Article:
April 20, 2008

Pond Scum Has Potential in Push For New Bio-Fuels

Oils From Algae Could One Day Power Motors

San Diego Business Journal Staff

A slippery, slimy organism with a natural ability to grow rapidly is gaining respect among researchers who hope to one day harness its potential in mass amounts for the creation of bio-fuels.

Algae, which have the ability to grow in both fresh water and saltwater, could one day provide fuel for the world’s cars, diesel trucks and military jets. While other sources of alternative energy rely on food sources such as corn, researchers have envisioned growing algae in open ponds in the desert.

By starving the algae of their nutrients, scientists have discovered ways of harnessing their algal oils. The oils are then converted into vegetable oil to produce fuel.

Researchers at UC San Diego, who are studying ways to genetically modify the algae, say the organism could one day solve the world’s reliance on fossil fuels.

“The only real solution we can see that answers economics, geopolitical issues and the environment is this algae platform,” said Steve Kay, dean of UCSD’s Division of Biological Sciences. “And it’s an area of research and biological science that has been almost entirely ignored.”

The National Renewable Energy Laboratory, the principal research lab for the U.S. Department of Energy, began studying algae-derived bio-fuels 30 years ago. It halted the project in 1996 largely because the price of algal oil couldn’t compete with the petroleum prices.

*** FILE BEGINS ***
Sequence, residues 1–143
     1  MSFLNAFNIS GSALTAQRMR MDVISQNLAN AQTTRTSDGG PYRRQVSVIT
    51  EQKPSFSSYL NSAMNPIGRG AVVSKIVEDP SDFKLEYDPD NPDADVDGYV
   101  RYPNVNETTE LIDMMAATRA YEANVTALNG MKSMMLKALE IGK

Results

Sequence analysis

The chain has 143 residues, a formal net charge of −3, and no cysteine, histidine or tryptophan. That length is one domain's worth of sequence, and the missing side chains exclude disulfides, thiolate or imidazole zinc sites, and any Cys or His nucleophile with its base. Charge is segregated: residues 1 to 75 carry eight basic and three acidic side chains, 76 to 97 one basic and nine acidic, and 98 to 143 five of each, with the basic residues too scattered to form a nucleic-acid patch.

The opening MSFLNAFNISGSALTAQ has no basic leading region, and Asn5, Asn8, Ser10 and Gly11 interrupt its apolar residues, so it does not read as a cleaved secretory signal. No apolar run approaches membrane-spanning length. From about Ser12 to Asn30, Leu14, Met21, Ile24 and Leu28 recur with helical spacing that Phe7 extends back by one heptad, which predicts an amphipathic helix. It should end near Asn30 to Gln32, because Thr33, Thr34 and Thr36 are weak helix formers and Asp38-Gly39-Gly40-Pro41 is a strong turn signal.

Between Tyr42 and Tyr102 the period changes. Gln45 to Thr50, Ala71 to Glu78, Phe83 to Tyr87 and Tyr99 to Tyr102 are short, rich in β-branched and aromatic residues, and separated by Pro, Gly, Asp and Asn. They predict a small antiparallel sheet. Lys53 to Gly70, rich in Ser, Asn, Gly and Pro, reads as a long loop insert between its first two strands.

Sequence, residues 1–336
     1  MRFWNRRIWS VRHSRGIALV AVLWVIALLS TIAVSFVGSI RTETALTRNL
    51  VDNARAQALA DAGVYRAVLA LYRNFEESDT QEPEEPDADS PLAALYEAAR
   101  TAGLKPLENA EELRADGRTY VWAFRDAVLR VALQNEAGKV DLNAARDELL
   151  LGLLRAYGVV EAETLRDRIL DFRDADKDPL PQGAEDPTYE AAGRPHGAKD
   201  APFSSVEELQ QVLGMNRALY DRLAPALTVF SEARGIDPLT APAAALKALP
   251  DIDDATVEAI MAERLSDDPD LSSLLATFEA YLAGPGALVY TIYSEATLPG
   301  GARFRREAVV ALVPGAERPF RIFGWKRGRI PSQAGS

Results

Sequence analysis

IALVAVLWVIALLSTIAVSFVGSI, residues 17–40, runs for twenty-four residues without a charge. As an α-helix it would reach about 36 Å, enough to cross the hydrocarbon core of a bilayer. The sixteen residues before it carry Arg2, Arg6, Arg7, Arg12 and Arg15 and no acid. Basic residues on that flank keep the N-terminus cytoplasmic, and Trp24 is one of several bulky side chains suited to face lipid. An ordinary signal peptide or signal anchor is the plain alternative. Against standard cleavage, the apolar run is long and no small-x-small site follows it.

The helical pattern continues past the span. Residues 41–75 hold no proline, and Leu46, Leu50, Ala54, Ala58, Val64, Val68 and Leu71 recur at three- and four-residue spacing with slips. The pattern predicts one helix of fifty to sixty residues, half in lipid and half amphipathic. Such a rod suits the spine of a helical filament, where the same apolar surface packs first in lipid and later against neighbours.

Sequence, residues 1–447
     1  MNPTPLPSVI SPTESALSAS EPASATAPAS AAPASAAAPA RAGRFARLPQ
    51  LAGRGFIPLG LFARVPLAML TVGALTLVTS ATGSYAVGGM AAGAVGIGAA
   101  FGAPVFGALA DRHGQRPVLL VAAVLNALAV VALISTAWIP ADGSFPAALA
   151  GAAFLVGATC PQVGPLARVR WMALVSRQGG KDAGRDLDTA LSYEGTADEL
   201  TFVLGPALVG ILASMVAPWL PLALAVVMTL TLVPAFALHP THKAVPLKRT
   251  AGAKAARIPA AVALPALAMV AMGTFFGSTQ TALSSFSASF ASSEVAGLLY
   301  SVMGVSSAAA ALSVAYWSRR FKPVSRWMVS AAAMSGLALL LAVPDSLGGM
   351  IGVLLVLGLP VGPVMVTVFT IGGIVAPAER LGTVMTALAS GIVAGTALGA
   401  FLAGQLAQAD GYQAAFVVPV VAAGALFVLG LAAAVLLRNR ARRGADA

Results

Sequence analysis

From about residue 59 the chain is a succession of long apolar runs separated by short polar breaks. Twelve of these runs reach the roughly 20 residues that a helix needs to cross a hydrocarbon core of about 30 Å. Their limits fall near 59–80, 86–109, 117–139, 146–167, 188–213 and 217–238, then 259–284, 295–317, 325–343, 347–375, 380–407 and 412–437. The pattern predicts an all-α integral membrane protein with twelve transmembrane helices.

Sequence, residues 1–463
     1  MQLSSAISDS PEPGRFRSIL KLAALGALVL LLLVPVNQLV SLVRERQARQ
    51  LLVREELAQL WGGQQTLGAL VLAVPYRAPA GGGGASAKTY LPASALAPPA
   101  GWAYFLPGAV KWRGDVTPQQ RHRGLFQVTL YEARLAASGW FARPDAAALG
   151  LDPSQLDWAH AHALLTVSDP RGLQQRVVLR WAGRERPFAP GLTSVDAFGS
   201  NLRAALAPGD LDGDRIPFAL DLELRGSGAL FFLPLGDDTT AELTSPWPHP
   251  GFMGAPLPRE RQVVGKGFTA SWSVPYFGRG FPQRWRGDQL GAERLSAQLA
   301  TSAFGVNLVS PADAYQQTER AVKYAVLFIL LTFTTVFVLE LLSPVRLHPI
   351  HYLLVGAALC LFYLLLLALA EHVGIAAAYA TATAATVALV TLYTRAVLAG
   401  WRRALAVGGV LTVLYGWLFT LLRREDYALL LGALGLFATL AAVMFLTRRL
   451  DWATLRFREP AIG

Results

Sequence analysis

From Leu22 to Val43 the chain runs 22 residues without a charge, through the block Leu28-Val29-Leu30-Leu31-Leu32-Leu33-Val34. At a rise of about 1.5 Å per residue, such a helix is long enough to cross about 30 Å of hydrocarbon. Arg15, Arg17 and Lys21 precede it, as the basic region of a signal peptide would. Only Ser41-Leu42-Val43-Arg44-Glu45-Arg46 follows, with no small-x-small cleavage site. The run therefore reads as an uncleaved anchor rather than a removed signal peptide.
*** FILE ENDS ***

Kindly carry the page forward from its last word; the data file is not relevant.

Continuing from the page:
But today’s rising oil costs, coupled with an uproar about the use of food supplies for energy use, have re-emphasized the need for alternative solutions.

Thousands Of Gallons Per Acre

While ethanol crops such as corn can produce anywhere between 28 and 700 gallons per acre, scientists with UCSD say algae have the ability to yield a few thousand gallons an acre.

“And that’s just the starting point,” Kay said.

But challenges exist with the production of bio-fuel on a larger scale, and scientists say there are debates about acceptable prices.

“One of the real problems right now is that there is no national or international center for science and engineering of photosynthetic microbes,” said Steven Briggs, a biological sciences professor at UCSD. “It’s been a backwater of science and now, suddenly, it looks like it’s the key to our most pressing social challenge.”

Venture capital dollars, which amounted to almost $4 billion in green technologies last year, have created greater opportunities for bio-fuel startups in recent years. The $4 billion represented a 38 percent increase from the $2.9 billion invested in 2006, according to Cleantech Group LLC, formerly called the Cleantech Venture Network, which tracks venture capital investments in environmentally friendly technologies.

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